I don’t buy for a minute that these services are intended solely for diagnostics. The data they leak is of an extreme personal nature. There is no notification to the user. A real diagnostic tool would have been engineered to respect the user, prompt them like applications do for access to data, and respect backup encryption.

The BBC was at the forefront of service outages this week, suffering downtime across the weekend on its iPlayer and website and continuing to glitch into the week, depriving Brits of their dose of Auntie-made telly. Despite the many tweets that flooded its Twitter account, the corporation chose to resolutely stick with the whole “we’re working hard to resolve” line, without any further details. Folks were not happy:

It took until Thursday for the state broadcaster to let folks in on what happened, in a lengthy tech-heavy blog post from digital distie controller Richard Cooper that still failed to say exactly what kicked off the problem. After a description of the servers the Beeb runs and how it has two data centres running simultaneously to back each other up, Cooper basically admitted that the service got overloaded, but how that happened didn’t feature in the post:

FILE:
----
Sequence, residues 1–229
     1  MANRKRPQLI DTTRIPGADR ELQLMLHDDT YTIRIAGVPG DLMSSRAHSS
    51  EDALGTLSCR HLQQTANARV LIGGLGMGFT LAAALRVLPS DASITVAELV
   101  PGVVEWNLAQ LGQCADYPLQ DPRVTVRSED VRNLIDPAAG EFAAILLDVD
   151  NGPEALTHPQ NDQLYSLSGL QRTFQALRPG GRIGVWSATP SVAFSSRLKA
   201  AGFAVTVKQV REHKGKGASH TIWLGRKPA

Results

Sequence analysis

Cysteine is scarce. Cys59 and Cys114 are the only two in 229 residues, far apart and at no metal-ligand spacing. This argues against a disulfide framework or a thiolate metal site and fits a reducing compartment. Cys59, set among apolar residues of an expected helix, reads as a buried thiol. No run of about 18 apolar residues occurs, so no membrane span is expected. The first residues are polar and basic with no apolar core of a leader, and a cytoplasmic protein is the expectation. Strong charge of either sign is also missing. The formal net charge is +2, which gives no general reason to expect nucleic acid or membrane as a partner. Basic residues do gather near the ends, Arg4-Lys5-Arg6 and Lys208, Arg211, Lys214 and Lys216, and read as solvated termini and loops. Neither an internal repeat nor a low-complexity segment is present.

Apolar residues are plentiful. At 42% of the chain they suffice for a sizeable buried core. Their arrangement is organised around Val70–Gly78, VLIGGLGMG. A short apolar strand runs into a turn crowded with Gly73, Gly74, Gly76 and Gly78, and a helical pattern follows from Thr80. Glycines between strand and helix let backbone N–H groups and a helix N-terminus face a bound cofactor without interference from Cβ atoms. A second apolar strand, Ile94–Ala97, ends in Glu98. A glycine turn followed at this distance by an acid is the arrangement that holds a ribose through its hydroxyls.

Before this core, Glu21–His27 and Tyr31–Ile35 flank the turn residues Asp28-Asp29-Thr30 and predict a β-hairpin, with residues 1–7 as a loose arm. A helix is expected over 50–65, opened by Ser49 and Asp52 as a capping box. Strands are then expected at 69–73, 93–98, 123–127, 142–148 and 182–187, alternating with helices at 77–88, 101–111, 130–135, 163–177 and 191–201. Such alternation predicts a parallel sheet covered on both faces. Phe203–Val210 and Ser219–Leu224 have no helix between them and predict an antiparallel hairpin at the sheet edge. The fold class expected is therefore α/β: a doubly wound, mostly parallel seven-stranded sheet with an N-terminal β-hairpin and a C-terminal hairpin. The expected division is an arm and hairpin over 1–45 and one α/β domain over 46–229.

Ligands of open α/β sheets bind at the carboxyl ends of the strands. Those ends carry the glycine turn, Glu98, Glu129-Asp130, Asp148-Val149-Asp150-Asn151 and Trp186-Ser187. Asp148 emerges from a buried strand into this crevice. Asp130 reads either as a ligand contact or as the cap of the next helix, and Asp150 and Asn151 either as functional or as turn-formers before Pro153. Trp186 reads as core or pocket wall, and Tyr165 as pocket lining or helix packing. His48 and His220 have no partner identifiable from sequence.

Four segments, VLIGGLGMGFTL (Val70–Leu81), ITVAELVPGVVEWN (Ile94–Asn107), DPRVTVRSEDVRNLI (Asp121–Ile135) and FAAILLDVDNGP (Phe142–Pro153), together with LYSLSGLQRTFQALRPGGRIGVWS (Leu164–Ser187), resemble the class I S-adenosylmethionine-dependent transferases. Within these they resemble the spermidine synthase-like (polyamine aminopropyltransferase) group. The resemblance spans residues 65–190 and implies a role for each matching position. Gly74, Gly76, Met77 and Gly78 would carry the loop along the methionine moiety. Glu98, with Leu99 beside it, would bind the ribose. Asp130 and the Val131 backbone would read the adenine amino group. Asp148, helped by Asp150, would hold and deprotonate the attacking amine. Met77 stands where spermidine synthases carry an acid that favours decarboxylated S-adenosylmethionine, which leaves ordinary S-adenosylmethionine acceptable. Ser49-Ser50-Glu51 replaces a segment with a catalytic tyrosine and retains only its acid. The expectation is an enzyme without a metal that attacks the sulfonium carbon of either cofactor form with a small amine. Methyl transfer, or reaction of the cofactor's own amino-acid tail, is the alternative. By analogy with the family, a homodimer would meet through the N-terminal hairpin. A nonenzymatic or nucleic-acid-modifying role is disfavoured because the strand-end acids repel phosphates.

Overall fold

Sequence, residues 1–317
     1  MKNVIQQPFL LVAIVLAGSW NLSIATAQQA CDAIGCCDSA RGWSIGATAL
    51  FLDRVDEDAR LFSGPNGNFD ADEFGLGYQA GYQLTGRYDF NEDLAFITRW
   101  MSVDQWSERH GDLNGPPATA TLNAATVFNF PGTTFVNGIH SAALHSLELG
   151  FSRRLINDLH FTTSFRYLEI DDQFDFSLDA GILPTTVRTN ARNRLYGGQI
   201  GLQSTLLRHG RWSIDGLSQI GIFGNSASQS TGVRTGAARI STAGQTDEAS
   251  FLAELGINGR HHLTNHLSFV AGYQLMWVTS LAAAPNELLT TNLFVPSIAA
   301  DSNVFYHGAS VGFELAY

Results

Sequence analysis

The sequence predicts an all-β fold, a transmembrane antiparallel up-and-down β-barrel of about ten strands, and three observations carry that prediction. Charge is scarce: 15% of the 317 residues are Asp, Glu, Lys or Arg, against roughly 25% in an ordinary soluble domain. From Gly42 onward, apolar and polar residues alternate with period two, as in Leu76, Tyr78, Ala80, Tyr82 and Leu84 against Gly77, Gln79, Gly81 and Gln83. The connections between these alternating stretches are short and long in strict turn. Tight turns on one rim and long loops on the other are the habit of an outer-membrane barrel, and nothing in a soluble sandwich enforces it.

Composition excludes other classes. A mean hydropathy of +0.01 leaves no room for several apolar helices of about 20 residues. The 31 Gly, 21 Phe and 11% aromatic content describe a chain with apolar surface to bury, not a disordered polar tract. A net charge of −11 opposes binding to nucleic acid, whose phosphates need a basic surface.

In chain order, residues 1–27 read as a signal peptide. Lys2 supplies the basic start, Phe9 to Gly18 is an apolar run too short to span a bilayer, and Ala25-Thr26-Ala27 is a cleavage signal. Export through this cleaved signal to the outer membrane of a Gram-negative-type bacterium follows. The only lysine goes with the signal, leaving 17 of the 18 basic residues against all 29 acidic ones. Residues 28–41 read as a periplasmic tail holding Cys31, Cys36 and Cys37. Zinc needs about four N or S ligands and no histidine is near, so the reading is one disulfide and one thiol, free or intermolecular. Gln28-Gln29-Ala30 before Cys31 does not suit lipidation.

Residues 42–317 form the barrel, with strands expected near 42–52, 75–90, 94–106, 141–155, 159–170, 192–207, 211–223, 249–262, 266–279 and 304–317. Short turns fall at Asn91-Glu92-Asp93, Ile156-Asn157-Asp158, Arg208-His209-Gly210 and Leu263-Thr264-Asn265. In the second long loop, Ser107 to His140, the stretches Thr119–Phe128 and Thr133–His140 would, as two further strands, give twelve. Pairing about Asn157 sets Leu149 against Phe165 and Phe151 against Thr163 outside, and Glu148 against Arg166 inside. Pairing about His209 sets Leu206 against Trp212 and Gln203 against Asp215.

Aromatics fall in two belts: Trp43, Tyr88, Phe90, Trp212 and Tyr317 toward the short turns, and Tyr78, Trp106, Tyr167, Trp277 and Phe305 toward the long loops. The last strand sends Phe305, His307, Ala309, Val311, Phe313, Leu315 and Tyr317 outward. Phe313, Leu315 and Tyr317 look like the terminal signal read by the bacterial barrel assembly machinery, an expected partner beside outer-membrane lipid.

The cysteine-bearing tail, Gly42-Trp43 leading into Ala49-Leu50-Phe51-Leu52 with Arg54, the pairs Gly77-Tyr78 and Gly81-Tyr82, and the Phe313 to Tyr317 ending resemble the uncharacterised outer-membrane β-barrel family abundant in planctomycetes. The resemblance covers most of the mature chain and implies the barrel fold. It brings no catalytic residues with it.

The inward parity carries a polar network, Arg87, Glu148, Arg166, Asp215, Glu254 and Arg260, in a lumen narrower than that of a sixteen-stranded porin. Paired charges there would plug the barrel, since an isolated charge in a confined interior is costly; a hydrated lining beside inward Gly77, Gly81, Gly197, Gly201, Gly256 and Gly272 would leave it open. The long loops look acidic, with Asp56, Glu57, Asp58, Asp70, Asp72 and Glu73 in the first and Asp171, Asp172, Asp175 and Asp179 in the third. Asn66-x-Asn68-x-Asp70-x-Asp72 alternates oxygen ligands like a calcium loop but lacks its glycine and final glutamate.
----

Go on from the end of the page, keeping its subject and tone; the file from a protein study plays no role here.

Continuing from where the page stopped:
At 9.30 on Saturday morning (19th July 2014) the load on the database went through the roof, meaning that many requests for metadata to the application servers started to fail.

The immediate impact of this depended on how each product uses that data. In many cases the metadata is cached at the product level, and can continue to serve content while attempting to revalidate. In some cases (mostly older applications), the metadata is used directly, and so those products started to fail.

Apparently at the same time as the database hit the rocks, the BBC homepage and iPlayer both ran into trouble as well: